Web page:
Rights of a Customer conflicting with being an Employee

The drama is coming to a close.

I spoke with my supervisor, or should I say I was spoken to by my supervisor.  There were many comments regarding ethics and integrity.  Fortunately, neither my ethics nor integrity were being questioned, but the appearances of the opportunities for impropriety were the topics of discussion for the day.  Evidently, those that were actually at work last Monday received a much harsher discussion than I did.  I actually was in a discussion.  They were, well, the received something MUCH different. 

Long shorty shorted to a simple blog entry, don't do this type of thing, again.  Do not put people's jobs at risk. 

Then it was my turn to speak, and I chickened out.  I just wanted to let it all slide a way.  There was no trouble, or punishments coming down.  As far as the Super' knew, upper management was not aware of the situation.  Because of 3rd shift being invisible so much of the time, the only thing others hear of us is when we mess up.  They only hear the negative, because that is what they have to address on the day shifts.  There is no need for them to make contact with a happy customer.  Hence the continual issues of perception.

But this all still leaves me wondering.  When did I sign away my rights as a customer, just because I'm an employee?  We have employee purchase programs, so the employer encourages us to purchase the products.  If I purchase a laptop or one of our newer TV's at $1000.00 or more, do I not have access to support on those, as well, because I can identify the policies or contact the agent assisting with the support?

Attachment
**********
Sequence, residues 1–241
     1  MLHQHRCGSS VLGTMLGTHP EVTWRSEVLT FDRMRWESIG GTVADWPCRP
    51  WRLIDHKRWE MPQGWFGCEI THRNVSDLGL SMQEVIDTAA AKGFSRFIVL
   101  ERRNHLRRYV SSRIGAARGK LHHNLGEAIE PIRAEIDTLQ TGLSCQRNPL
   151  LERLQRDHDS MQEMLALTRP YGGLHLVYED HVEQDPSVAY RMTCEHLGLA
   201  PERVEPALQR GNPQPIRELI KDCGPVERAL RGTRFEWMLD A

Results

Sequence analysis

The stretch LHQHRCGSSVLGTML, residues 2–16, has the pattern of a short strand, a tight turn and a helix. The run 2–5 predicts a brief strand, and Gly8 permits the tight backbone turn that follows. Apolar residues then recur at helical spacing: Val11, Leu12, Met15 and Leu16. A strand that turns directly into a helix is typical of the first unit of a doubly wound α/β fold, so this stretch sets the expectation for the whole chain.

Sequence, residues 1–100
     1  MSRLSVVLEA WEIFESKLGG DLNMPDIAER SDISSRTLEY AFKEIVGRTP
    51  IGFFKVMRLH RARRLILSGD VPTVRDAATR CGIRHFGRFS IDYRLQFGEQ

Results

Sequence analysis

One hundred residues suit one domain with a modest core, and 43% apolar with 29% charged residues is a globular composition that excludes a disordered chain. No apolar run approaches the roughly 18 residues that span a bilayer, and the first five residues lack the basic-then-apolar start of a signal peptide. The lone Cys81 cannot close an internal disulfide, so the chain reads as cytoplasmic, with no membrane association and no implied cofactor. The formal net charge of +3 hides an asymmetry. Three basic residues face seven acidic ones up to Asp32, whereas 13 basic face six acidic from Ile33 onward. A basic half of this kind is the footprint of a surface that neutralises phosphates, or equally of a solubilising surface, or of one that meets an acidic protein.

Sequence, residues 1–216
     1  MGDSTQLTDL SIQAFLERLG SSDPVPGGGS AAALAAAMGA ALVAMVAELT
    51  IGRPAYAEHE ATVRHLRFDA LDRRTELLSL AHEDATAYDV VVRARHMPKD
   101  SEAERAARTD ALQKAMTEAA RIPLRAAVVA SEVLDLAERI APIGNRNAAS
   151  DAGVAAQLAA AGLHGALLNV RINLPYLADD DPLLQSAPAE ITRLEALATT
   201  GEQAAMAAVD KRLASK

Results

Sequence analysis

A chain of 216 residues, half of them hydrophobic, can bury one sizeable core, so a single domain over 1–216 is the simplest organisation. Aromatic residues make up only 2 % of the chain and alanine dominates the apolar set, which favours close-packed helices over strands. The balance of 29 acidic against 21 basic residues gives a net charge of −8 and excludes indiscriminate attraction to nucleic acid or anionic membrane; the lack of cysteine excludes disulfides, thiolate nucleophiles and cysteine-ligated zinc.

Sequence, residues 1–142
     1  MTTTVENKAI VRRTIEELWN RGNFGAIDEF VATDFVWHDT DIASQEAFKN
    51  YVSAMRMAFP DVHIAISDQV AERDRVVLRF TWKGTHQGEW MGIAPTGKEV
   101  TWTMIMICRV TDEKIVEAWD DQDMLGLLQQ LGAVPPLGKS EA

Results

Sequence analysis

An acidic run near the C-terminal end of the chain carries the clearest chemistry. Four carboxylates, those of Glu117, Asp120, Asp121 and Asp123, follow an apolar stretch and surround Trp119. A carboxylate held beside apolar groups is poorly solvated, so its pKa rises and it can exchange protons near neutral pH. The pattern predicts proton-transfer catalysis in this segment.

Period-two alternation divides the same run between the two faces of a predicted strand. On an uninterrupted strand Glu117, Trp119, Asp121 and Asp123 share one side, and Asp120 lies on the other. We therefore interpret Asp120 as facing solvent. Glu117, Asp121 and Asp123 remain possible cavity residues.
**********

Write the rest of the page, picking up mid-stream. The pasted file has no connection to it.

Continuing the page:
Or is this only for equipment from the 'Enterprise' divisions?  Things like servers and high-end workstations?  Maybe some other day I will find the answers to this, but not this week.  Not right now.  Reviews are in March, which means the managers are gathering their information, now.  The evaluation process has already started and is continuing.  So, sit back, keep quiet, don't be seen and stay clear of other issues. 

In other words, return to the epitome of the perfect IT worker.  Put out fires, before they are noticed.  Become invisible.  Fix it, before it is broken.


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